Week 1: Introduction to the Remote Revolution
To begin the course, we’ll situate ourselves among those who experienced the pandemic firsthand: What did contemporary observers perceive to be the predominant social shifts taking place? Which changes did they expect would last the longest? How did they imagine the future, near and far? We’ll consider Bergman (writing at the height of the pandemic) on the influence of personality on contentment in isolation, Kruse on gubernatorial power, and Butler on medicalized analogies and the nature/culture dichotomy in environmental discourse.
Week 2: Cooking and Eating
The practices of cooking and eating were fundamentally changed—unequally, and in a variety of ways—by COVID-19. In our primary readings this week, Tang introduces the ways home cooking came to be facilitated by internet recipe communities. LaDérive instead argues that home cooking came to be utilized as an opportunity for displaying and enacting cultural capital through social media-mediated conspicuous consumption. Weisberg documents how pandemic-induced food insecurity exacerbated preexisting climate-driven concerns about the food supply and reinvigorated debates about food safety. Our secondary readings explore the consequences of a heightened (or eliminated) awareness of the sociocultural significance of smell and taste.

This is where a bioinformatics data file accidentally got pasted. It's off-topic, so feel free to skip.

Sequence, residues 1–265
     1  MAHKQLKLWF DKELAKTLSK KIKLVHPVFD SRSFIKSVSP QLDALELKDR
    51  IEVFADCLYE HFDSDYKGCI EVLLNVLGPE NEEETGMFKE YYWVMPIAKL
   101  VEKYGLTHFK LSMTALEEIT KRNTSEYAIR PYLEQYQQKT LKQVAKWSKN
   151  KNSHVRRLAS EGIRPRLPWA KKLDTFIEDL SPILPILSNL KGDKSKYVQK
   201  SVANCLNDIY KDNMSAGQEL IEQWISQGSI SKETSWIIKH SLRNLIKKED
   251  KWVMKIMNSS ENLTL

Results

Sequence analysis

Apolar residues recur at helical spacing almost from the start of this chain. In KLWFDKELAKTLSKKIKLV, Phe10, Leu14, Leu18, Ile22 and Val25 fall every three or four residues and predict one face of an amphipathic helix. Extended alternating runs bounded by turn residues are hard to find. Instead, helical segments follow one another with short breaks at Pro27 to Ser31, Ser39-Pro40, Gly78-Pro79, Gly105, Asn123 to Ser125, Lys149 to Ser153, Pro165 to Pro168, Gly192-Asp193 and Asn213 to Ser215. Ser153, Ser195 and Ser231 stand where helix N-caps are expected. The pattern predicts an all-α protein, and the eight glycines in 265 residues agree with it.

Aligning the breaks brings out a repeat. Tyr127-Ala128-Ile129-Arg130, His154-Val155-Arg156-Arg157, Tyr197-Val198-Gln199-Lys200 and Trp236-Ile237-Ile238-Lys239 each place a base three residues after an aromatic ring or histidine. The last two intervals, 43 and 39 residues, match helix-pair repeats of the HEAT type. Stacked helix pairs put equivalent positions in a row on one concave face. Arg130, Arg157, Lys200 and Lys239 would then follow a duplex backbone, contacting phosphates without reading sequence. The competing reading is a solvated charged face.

Week 3: Shocks to the Supply Chain
The long-term economic impact of the pandemic revealed great "contradictions" in the early twenty-first century world order. Scholars of the category of labor deemed “essential”, including Nuñez, have spent their careers teasing out the often hidden ways in which members of a labor force known primarily for its precarity and exposure to illness were nonetheless “agentive creators” of community. This week, we also interrogate Clancy’s classic Marxist critique of the Remote Revolution.
Week 4: Food, Isolation and Technology
The role of technology in the pandemic-borne cultural upheaval remains a subject of intense debate among scholars (we'll explore this in greater detail later in the semester). This week, Sage will introduce us to the idea that digital technologies served as both facilitators of "social distancing" and crucial sources of connection. Stefan’s work reveals the role of taste-tracking technology in cultivating heightened flavor awareness, and eventually changing the taste preferences of the tracker’s users.
Week 5: The Contradiction of the Commune
Between the pandemic’s first and second waves, the practice of intentional community formation confronted the problem of social isolation. Meanwhile, public health scholars and journalists debated the effectiveness of quarantine “bubbles” or “pods” as intermediate social networks. This week, we read two scholars as they trace the origins of communal living to the 1960s counterculture and the environmental movement (Punarjanma), and far beyond to earlier traditions of monastic asceticism (Vulpes).
PART II: REMOTE REVOLUTION and the HISTORIOGRAPHY OF EATING